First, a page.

It’s a Dog Day with Cool Gus—If He Stays Around

IMG_0158Gus loves the Jeep. We’ve realized that if we can’t find him (those of you with dogs know that if you can’t see the dog, something is wrong), we’ve learned to check the Jeep in the garage. If I left the back gate open, as I sometimes do, Gus will always jump in, climb into the passenger seat, and just sit there.

Not Becca. She’ll get into the Jeep if I ask politely, sometimes beg. And if she’s first up the ramp, she takes the passenger seat and Gus is Cool with that. No fussing. If she’s not first, she goes in the back, but when I get out, she slides through into the driver seat. Because she’s alpha. They get their pictures taken everywhere we go, because they both just sit there calmly, no fussing or barking, staring out at the world, as if exceedingly bored with all this human stuff.

When we lived on Whidbey Island, I took Gus running every day. Either in Saratoga Woods or Putney Woods. Gus loves running in the woods. (Becca, not so much). But he’s a lab. Unlike other breeds (such as German Shepherds who bond with one person), labs bond with everyone. Even though I feed him, Cool Gus likes everyone. And the problem was, sometimes he’d get ahead of me on a run, and if someone else ran by, he’d decide to run with them. After all, it’s all about the running right? One day he latched onto a couple running and followed them for miles. While I was running around on the trails yelling for him. They ended up taking him home and calling me. I mean, what a doofus.

Back to Gus and the Jeep. We’ve learned it isn’t just the Jeep. One day I met the UPS guy and he told us the previous day he’d come by when we weren’t there. He put a package at the door and got back in his truck and started it up and then about had a heart attack when he turned and Gus was just sitting there in the passenger seat. Ready to get shipped somewhere I suppose.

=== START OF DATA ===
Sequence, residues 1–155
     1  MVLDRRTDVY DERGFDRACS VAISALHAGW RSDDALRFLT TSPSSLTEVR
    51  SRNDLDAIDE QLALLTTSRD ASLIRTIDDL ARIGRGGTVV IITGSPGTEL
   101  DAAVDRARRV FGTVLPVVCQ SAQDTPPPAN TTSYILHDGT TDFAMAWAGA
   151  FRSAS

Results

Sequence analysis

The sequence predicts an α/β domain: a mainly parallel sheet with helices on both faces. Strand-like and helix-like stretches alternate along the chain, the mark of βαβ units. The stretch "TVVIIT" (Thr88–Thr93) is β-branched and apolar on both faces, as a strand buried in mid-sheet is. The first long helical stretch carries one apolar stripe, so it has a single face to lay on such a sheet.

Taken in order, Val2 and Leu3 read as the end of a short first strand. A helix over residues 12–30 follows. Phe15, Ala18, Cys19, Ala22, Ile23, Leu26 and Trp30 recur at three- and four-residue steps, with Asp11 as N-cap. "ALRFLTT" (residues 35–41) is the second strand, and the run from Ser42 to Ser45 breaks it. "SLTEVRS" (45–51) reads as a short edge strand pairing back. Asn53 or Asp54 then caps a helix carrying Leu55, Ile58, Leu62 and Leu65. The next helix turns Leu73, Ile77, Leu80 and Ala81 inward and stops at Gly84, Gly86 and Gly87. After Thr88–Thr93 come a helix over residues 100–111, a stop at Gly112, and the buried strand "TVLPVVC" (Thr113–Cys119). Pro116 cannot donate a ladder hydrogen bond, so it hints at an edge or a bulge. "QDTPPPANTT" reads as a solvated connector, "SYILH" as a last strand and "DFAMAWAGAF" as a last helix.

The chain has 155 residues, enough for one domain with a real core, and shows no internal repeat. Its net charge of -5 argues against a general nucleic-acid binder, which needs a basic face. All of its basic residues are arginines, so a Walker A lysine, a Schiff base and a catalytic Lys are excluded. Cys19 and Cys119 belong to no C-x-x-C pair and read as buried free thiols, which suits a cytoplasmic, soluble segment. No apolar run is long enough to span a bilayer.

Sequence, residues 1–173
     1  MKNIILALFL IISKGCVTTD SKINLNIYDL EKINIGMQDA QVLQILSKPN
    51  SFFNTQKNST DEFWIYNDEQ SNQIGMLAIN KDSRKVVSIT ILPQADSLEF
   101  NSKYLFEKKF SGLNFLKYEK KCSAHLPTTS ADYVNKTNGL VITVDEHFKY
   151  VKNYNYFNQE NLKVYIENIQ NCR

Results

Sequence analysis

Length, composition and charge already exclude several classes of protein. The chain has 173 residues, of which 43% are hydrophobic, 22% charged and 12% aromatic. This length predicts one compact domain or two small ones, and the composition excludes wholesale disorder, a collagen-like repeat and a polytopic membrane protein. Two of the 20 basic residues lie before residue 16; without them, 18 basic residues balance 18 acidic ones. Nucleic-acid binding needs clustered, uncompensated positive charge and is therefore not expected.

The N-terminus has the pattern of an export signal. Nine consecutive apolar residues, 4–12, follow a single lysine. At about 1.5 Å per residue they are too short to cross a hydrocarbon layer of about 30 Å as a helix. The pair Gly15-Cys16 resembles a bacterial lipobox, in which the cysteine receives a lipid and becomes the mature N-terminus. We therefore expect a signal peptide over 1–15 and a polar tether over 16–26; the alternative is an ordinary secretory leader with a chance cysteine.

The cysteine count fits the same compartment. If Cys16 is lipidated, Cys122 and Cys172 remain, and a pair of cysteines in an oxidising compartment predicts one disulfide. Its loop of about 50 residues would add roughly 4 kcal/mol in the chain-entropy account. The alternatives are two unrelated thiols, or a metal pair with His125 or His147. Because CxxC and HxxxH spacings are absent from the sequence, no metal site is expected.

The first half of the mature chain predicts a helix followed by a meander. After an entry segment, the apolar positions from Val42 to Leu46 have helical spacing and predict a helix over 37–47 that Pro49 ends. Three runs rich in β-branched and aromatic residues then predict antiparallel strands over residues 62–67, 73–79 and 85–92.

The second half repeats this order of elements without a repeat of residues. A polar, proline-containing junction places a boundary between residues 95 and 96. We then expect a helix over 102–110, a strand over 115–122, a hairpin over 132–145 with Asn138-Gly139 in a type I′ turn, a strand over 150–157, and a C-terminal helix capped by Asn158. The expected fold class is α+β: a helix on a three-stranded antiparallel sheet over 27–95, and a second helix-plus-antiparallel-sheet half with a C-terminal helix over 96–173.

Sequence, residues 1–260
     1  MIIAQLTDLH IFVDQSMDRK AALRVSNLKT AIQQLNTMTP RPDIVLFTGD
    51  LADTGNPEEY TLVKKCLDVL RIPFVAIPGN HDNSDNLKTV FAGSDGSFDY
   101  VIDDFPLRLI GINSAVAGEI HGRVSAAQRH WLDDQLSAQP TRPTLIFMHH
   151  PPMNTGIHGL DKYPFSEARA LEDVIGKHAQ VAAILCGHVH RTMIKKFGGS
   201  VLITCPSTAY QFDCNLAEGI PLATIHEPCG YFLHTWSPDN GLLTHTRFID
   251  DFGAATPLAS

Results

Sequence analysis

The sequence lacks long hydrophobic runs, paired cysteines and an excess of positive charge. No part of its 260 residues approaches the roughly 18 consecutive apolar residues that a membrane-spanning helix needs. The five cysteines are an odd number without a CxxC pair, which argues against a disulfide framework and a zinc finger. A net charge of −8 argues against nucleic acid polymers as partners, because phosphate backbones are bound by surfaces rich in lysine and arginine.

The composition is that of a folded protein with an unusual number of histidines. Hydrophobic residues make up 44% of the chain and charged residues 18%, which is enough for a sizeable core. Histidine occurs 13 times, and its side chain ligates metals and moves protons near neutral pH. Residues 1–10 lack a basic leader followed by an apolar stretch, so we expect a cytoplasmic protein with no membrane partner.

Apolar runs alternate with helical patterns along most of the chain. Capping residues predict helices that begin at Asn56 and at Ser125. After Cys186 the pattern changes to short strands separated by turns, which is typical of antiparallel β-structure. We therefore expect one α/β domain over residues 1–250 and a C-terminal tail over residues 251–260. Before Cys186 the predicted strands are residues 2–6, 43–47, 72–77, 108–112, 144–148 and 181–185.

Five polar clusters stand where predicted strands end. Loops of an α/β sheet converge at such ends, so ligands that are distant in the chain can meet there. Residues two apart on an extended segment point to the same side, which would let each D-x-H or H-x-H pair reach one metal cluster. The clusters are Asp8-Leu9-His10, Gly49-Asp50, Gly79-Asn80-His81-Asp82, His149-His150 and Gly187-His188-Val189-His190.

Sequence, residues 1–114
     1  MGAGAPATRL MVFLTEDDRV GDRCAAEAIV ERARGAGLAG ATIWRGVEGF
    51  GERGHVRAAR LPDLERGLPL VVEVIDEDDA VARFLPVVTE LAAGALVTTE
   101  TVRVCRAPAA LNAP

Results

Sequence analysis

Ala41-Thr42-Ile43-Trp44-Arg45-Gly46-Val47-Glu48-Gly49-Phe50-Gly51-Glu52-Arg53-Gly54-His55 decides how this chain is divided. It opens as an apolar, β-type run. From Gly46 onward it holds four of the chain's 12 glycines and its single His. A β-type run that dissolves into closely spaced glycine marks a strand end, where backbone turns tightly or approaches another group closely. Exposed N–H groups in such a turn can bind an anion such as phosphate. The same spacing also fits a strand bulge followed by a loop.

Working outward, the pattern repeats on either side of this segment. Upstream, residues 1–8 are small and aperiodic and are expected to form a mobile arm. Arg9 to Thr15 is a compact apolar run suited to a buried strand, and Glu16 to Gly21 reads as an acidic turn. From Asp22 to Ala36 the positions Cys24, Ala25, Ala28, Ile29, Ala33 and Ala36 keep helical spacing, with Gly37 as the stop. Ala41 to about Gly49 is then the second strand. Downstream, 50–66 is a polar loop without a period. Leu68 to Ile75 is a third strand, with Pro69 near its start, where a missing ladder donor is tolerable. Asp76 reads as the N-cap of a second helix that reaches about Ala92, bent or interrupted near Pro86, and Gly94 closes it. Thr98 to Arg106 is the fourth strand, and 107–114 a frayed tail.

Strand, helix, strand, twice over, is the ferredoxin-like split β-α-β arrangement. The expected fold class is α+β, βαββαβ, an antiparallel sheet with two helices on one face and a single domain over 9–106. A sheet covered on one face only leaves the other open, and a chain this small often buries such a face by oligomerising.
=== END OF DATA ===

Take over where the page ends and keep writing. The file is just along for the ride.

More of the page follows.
So if Cool Gus is dropped off at your house by UPS, drop me a line and I’ll come get him.

 

Ascension: This Aint Sharknado on #Syfy

AscensionSpoiler Alert—if you haven’t watched the three episodes of Ascension, the latest release from the Syfy Channel, then I’ll tell you this: highly recommended. Very smart. On a lot of layers. I’ll try not to reveal spoilers, but I am going to give some heads up.

My wife controls the TV in our house. I watch whatever she puts on. Our hobby, and our profession, is story. I write books and my wife works with authors as a sort of story runner. A recent book she worked on with an author was nominated for both an Edgar and an Agatha so she knows story. I’ve had 3 #1 bestselling scifi Kindle series (Area 51, Atlantis, Nightstalkers) so I’ve had some experience writing science fiction.

Anywho. So she watched Ascension on her own and then when I came upstairs with Cool Gus & Sassy Becca afer work yesterday and we all piled into the big bed, she just turned it on. And we watched all of it last night.

I love it when a smart idea is coupled with a smart story. And when I get surprised, then on reflection go duh! The end of the first episode was a great hook. Should have seen it coming because otherwise the story required a big suspension of disbelief. So that was good.

Character development—okay, not so much, although the Captain and his wife (I’m sorry, she just has that Cylon walk so it was hard to separate her from BSG) plot was very cool. Every time you think he’s stupid; he’s not. And she’s a master player.

I will say way too many using the head as a fist. And getting hit with a pipe wrench—we’re talking brain splatter. And every shooter knows getting within arms reach with your weapon negates the advantage of the gun. But hey. Okay. It’s entertainment.